The location of motor neurons in the anterior horn cells of the spinal column

 4.3.Bulbar polio:  Making up about 2% of cases of paralytic polio, bulbar polio occurs when poliovirus invades and destroys nerves within the bulbar region of the brain stem. The bulbar region is a white matter pathway that connects the cerebral cortex to the brain stem.


The location and anatomy of the bulbar region (in orange).

The destruction of these nerves weakens the muscles supplied by the cranial nerves, producing symptoms of encephalitis, and causes difficulty breathing, speaking and swallowing.

Critical nerves affected are the glossopharyngeal nerve, which partially controls swallowing and functions in the throat, tongue movement and taste; the vagus nerve, which sends signals to the heart, intestines, and lungs; and the accessory nerve, which controls upper neck movement.

4.4 Bulbospinal polio: Approximately 19% of all paralytic polio cases have both bulbar and spinal symptoms; this subtype is called respiratory or bulbospinal polio. Here, the virus affects the upper part of the cervical spinal cord (cervical vertebrae C3 through C5), and paralysis of the diaphragm occurs. The critical nerves affected are the phrenic nerve, which drives the diaphragm to inflate the lungs, and those that drive the muscles needed for swallowing. By destroying these nerves, this form of polio affects breathing, making it difficult or impossible for the patient to breathe without the support of a ventilator. It can lead to paralysis of the arms and legs and may also affect swallowing and heart function

5.Causesc: Poliomyelitis is caused by infection with a member of the genus Enterovirus known as poliovirus (PV). This group of RNA viruses colonize the gastrointestinal tract specifically the oropharynx and the intestine.  The incubation time (to the first signs and symptoms) ranges from three to 35 days, with a more common span of six to 20 days.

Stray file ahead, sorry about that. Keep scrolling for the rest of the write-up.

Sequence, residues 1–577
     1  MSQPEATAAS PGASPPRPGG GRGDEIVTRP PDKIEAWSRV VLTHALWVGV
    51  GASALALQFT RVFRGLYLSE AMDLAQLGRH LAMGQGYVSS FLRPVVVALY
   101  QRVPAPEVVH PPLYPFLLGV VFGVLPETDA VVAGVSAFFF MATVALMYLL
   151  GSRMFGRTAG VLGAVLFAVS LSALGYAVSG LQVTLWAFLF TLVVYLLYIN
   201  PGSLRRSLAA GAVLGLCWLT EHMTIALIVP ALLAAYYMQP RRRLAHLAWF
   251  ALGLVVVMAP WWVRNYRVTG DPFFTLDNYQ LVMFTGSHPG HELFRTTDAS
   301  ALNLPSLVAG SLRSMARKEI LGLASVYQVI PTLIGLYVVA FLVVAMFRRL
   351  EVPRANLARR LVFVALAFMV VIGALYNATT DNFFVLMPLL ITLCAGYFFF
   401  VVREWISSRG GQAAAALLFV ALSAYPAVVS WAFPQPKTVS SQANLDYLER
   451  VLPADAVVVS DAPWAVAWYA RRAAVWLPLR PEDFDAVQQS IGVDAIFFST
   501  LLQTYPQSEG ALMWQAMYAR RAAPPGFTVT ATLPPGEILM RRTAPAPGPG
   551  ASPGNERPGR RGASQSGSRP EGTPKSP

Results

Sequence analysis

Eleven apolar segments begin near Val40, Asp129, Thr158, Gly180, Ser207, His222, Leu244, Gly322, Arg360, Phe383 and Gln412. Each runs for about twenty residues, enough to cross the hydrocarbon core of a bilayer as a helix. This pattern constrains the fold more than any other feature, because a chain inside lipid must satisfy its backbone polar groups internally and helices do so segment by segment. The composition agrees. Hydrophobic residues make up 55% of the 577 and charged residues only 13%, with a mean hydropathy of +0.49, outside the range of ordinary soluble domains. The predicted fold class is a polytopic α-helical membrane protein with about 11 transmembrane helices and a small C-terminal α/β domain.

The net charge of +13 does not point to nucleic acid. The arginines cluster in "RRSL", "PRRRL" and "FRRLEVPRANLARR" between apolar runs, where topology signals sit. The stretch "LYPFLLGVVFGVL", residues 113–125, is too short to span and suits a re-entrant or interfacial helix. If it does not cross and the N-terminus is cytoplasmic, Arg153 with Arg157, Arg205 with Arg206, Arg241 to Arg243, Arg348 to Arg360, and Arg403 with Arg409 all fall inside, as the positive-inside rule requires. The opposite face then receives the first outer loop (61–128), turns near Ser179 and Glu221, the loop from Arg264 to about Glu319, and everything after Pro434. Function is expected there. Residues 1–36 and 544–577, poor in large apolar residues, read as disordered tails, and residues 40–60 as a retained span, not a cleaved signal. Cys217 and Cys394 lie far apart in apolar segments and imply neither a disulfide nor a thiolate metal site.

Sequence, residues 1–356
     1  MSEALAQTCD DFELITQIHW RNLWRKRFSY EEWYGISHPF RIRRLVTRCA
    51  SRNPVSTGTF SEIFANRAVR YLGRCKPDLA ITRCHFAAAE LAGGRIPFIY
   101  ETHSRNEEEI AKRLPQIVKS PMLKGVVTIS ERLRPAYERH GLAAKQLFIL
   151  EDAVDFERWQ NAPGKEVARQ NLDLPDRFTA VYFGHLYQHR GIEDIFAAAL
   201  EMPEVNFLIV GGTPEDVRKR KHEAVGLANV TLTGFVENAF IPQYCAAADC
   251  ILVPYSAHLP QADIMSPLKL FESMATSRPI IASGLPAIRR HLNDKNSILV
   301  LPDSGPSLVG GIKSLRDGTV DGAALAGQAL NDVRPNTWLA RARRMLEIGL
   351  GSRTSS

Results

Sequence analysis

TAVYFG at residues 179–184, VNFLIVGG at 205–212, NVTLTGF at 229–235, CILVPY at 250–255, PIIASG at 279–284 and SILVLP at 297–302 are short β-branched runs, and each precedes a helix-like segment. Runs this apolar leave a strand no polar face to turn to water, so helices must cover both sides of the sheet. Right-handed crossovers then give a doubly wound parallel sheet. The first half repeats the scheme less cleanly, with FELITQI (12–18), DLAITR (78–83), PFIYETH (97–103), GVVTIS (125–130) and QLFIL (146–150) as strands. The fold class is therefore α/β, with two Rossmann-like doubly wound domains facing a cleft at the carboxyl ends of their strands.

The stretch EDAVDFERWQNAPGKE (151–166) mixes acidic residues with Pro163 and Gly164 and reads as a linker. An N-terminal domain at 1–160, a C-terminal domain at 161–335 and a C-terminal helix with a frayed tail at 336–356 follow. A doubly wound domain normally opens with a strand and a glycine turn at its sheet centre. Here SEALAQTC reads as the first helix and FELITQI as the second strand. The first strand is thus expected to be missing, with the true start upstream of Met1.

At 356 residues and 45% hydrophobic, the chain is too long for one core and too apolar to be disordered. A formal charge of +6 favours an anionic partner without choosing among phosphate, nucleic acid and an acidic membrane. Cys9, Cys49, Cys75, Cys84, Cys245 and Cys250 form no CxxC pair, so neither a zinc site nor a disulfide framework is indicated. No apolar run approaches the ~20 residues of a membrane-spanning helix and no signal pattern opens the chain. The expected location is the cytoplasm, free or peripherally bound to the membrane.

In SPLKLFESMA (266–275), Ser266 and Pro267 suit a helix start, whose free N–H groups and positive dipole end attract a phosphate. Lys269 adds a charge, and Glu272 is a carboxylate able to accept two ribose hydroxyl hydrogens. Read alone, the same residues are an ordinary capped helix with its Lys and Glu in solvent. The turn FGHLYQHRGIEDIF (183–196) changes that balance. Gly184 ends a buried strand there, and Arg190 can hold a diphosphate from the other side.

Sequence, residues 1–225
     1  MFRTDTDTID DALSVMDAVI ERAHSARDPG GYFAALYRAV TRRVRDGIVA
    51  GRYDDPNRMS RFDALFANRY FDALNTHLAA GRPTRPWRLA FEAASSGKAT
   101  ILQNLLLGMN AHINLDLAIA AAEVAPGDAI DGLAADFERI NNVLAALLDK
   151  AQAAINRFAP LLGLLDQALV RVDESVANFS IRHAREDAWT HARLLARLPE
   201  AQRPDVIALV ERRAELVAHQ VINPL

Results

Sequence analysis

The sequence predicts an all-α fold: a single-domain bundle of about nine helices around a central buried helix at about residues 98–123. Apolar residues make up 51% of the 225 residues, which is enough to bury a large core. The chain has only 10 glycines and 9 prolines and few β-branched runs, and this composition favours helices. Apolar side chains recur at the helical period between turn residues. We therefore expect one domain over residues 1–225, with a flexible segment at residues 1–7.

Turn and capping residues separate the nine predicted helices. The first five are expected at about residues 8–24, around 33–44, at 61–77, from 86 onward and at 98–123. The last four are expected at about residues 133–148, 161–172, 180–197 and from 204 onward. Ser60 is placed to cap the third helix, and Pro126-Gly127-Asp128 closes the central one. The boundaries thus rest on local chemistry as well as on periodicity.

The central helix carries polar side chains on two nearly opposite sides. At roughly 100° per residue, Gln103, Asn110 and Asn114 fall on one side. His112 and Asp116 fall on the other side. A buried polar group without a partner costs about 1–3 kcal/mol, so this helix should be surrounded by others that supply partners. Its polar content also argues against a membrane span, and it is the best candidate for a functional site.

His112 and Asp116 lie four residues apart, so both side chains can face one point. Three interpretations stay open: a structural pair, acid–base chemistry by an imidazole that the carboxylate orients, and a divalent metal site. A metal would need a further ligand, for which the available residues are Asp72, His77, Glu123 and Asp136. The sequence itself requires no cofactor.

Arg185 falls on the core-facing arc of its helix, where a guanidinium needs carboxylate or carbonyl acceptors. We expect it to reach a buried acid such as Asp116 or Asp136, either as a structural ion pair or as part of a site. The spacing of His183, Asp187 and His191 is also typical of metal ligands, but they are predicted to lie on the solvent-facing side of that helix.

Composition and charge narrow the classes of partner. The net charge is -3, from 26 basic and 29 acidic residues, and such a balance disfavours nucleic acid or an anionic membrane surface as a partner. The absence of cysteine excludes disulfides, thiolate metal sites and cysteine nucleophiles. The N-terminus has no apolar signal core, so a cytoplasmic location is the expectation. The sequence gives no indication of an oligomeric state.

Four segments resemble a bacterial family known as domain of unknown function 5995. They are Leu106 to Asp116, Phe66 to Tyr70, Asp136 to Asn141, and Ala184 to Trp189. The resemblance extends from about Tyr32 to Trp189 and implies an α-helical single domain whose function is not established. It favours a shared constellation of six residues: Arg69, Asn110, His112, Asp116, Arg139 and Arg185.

PV infects and causes disease in humans alone.Its structure is very simple, composed of a single (+) sense RNA genome enclosed in a protein shell called a capsid.In addition to protecting the virus’s genetic material, the capsid proteins enable poliovirus to infect certain types of cells. Three serotypes of poliovirus have been identified poliovirus type 1 (PV1), type 2 (PV2), and type 3 (PV3)—each with a slightly different capsid protein.All three are extremely virulent and produce the same disease symptoms.PV1 is the most commonly encountered form, and the one most closely associated with paralysis. Individuals who are exposed to the virus, either through infection or by immunization with polio vaccine, develop immunity.


In immune individuals, IgA antibodies against poliovirus are present in the tonsils and gastrointestinal tract, and are able to block virus replication; Big and IgM antibodies against PV can prevent the spread of the virus to motor neurons of the central nervous system.Infection or vaccination with one serotype of

poliovirus does not provide immunity against the other serotypes, and full immunity requires exposure to each serotype. A rare condition with a similar presentation, nonpoliovirus poliomyelitis, may result from infections with nonpoliovirus enteroviruses.

6. Sign and symptoms or effect :

  • Abnormal sensation
  • Breathing difficulty
  • Difficulty swallowing
  • Urinary retention
  • Constipation
  • Drooling
  • Headache
  • Mood swings
  • Muscle pain and spasms
  • Paralysis.
  • Fever

7. Treatment: There is no cure for polio, so prevention is very important. Patients with non-paralytic polio need to be monitored for progression to paralytic polio. Patients with paralytic polio need to be monitored for signs and symptoms of respiratory failure, which may require lifesaving therapies such as respiratory support. In addition, a number of treatments are available to decrease some of the less severe symptoms. There are medications to treat urinary infections and urinary retention and pain management plans for muscle spasms. Unfortunately, there are only supportive measures available to treat the symptoms of paralytic polio. Patients who recover from polio may require physical therapy, leg braces, or even orthopedic surgery to improve physical function.

Assignment on polio